Pharaoh questions God’s identity by asking “Who is the LORD?” Pharaoh understands that Moses and Aaron come with the authority of the Lord, but Pharaoh does not recognize the name. But he also states that he does not know the Lord. God will show Pharaoh and the Egyptians his might and his power so that they will know the Lord (Ex 7:5). But we also need to understand something, just because someone says that they do not know the Lord, does not mean the Lord does not exist, nor are they not held responsible to not listening or obeying God’s word. I can get pulled over for speeding, although I truly am ignorant that I was breaking the speed limit. My ignorance does not make me guiltless. So to all those who are ignorant of who God is. Paul explains in Romans chapter 1, that men suppress the truth, that what can be known of God is plain to them, because God has shown it to them through his eternal power and divine nature through creation (Rom 1:19-20). They knew God but did not worship God nor give thanks to him. Pharaoh can claim ignorance, however, that does not make him guiltless.
Pharaoh understands the request very clearly, and he refuses to let God’s people go. He opposes God’s command, basing it upon his ignorance. He does so boldly refusing to let God’s people go. He asserts his own authority and claims to be higher than God’s authority. This is again exactly the reaction of the people in Romans chapter one, not merely to be neutral to God in their ignorance, but that they are opposed to God in their ignorance. They worship creatures, rather than the creator, they opposed God’s created world and give up natural relations for unnatural ones, they oppose God’s righteous decree practicing things that should not be done (Rom 1:24-32). There is no neutrality principle in God’s world. There are only sheep and goats, there is no third category. Pharoah blatantly refuses to let God’s people go and as we will see next week that his actions place more of a burden upon God’s people.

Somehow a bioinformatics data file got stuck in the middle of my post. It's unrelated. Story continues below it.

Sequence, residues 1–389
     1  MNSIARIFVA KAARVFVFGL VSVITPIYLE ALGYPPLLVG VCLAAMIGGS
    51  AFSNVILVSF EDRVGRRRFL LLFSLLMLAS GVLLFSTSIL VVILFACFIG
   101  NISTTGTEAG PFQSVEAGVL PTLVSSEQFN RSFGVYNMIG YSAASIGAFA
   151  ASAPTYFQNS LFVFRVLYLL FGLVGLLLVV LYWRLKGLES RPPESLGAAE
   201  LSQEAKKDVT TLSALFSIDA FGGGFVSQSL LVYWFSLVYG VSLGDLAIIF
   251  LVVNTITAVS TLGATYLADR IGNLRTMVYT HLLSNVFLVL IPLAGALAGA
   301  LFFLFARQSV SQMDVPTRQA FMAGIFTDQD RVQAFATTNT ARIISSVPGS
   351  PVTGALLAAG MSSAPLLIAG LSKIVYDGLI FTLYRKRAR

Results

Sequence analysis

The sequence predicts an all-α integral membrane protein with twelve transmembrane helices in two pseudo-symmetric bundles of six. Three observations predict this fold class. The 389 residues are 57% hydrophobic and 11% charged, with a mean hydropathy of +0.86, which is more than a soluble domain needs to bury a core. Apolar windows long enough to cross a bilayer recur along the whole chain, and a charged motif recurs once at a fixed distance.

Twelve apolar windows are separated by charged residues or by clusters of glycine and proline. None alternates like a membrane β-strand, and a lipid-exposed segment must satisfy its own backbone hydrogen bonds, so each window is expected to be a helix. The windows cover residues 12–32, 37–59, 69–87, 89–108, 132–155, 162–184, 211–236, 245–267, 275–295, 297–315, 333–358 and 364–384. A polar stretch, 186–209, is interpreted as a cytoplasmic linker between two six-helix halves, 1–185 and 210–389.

There is a line in the sand ever before us, let us remember that our response has eternal implications. Just as Aaron obeyed, we too can choose to heed God’s voice and respond with swift obedience. Just as the people believed through hearing, we too can anchor our faith in the Word, finding assurance not in the signs we see, but in the promises we trust.
And let us steer clear of the path Pharaoh chose, the path of ignorance and opposition. Let us not let the illusion of our own authority blind us to the supremacy of God. Instead, may we stand before the Lord in awe, recognizing that the line we cross is not one of mere allegiance but of surrender, embracing God’s call to follow Him wholeheartedly.
The line is drawn. Will we be among those who, like Aaron, walk in obedience? Will we join the faithful who, like the Israelites, believe through hearing and worship in humility? Or will we stand as opponents, like Pharaoh, refusing to acknowledge God’s rule? May our lives bear witness to our decision. May our hearts echo the truth proclaimed by Joshua, “Choose this day whom you will serve…but as for me and my house, we will serve the LORD” (Josh 24:15).